The cost of Greek Life

by Emily Murphy / Beacon Staff • October 4, 2012

Ally greek

Each semester, Greek organizations ask their members to pay a fee. For sophomore Zachary Anderson, the chunk of change didn’t stop him from pledging to the fraternity Sigma Alpha Epsilon one year ago. While SAE’s price tag grants its members access to exclusive events, networking opportunities, and new friends, these dues are something to consider.

According to Anderson, a visual and media arts major and member of SAE, there seems to be a negative connotation surrounding dues for fraternities and sororities.

“People say that you’re paying for your friends, but that’s not really what it’s about,” said Anderson, who is also a member of the Emerson Greek Council and is the Greek Commissioner for the Student Government Association. “We do a lot of good things with the money anyway. It’s not like we’re just blowing it on stuff.”

Abby Peel, a senior journalism major and the vice president of operations for the sorority Alpha Epsilon Phi said that a common misconception is that dues are paid to become a part of the sisterhood.

“It’s not about paying your way into a clique,” she said. “You’re paying for things like our rush T-shirts, our retreat that happens twice a semester, and when we have speakers or events.”

Peel, who could not disclose the exact due amount, also said that members only pay while in school, but they are members for the rest of their lives.

“Larger state schools’ dues can be much more, like into the thousands,” Peel said. “That’s because they’re paying for things like living in sorority houses.”

According to senior marketing communication major and the President of Zeta Phi Eta, Mara Martin, the dues for her co-ed fraternity are $60 per semester. From that, $20 goes to the national branch, $6 goes to council, and the rest goes into its personal treasury.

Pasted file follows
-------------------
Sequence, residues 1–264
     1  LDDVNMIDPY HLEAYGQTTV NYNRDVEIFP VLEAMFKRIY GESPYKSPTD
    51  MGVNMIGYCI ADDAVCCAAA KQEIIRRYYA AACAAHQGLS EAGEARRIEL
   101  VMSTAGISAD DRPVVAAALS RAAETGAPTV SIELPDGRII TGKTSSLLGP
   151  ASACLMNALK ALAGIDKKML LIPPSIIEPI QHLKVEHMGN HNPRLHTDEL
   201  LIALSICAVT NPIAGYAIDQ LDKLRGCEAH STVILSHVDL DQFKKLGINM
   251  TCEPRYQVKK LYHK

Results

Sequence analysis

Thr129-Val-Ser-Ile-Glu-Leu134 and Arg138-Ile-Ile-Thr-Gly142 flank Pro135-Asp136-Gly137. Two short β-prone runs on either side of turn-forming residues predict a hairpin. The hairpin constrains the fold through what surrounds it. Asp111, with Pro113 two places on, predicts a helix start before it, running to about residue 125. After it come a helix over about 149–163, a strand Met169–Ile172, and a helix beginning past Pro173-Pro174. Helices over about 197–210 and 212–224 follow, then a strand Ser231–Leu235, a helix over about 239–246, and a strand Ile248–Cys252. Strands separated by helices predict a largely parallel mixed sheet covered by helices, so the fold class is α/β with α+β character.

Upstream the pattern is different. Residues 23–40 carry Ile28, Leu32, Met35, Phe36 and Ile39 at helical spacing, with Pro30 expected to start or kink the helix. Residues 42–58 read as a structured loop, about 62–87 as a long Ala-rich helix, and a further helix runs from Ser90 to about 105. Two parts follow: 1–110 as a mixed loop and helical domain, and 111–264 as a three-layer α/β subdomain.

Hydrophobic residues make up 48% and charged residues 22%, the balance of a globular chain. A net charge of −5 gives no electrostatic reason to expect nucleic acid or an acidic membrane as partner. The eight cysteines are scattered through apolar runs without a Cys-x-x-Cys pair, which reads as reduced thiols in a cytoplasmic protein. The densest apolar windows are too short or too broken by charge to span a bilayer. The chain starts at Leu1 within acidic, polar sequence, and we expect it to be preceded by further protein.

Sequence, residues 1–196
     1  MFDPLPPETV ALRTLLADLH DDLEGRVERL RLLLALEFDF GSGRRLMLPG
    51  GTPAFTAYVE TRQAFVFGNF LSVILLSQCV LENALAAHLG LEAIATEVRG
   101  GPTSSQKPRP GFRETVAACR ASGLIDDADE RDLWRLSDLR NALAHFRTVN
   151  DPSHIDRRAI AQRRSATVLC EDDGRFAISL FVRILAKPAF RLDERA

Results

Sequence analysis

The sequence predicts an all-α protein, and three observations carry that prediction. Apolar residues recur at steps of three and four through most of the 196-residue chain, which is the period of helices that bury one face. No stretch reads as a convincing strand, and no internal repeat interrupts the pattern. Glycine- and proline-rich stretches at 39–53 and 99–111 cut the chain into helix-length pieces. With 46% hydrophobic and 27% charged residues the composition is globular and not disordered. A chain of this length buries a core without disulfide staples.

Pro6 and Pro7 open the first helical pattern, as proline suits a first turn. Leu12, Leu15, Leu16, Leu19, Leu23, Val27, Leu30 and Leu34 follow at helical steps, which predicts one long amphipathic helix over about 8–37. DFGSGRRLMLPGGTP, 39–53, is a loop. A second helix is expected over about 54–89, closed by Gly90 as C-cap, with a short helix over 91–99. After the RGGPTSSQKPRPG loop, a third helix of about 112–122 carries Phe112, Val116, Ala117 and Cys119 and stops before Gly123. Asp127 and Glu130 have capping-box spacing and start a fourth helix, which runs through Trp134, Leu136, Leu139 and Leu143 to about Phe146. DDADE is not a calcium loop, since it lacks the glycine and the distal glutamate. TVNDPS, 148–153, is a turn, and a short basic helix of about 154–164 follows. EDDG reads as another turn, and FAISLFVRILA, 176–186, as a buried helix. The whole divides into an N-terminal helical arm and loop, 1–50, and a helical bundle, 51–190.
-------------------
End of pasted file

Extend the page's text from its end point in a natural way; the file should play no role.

Nicole Gibson, a sophomore visual and media arts major and a member of Zeta, said that a portion of the money also goes to the Greek Council. The goal of the council is to promote unity among the Greek organizations on campus, prompting them to work together, said Gibson who is the treasurer for the council. Though the organization would ideally have all Greek branches represented, only members from four of the seven fraternities and sororities on campus have joined, Gibson said. 

Like AEPhi, Martin said the local branch of Zeta uses the money from member dues to host social and professional events. For example, they hold “teas” where speakers from different industries are brought in to lecture.

“We look for speakers that will appeal to the college,” Martin said. “For VMA majors, we’ll have someone from TV and film; for WLP majors, we’ll have someone from publishing. Sometimes it will be open to the college, and sometimes it will be Zeta only.”

Gibson said part of their due money goes to the sorority’s national branch.

“There are national groups, and there are local groups,” she said. “If a fraternity is a local branch of a bigger, national group, then part of the dues goes to them.”

Zeta’s national branch, according to Martin, uses dues to fund scholarships for members and alumni based on academic merit and service. It also uses the money toward initiation pins and documents,  which are official certificates that state a recognition of membership.

AEPhi’s national division, on the other hand, uses the dues to maintain its website and host events for current members and alumnae among other things, according to Peel.

Anderson said that most of SAE’s member dues go to the national branch to pay for risk management fees.

“Nationally, there’s a lot of risk management costs,” he said. “Our chapters are wicked responsible, but other chapters aren’t as much, so sometimes we have to pay for legal fees.”

If for some reason a student does not have enough money for dues, Martin said Zeta sets up a payment plan around their needs. 

“We never want money to be an issue because we know that things get expensive, paying for school and books,” she said. “That stuff comes first, so if for some reason you can’t pay by the deadline we have set up, then we’ll start doing smaller installments throughout the semester.”

Anderson said that SAE, along with all other Greek organizations on campus, do not get funding from SGA. However, fraternities and sororities can appeal to get money for legitimate causes, which may include events like fundraisers.

For the local SAE branch, the fraternity holds retreats, philanthropy events, and fundraisers like Miss Emerson with the leftover money, Anderon said. The exact semesterly dues for SAE were not disclosed. However, Anderson said he felt that the fee for joining his fraternity was well worth it.

“No matter what, you always have someone to rely on, a go-to support team,” Anderson said. “You always have someone to chill with. I didn’t necessarily meet my core group of friends [at Emerson] right away, but now I have that, and I’ll have it forever.”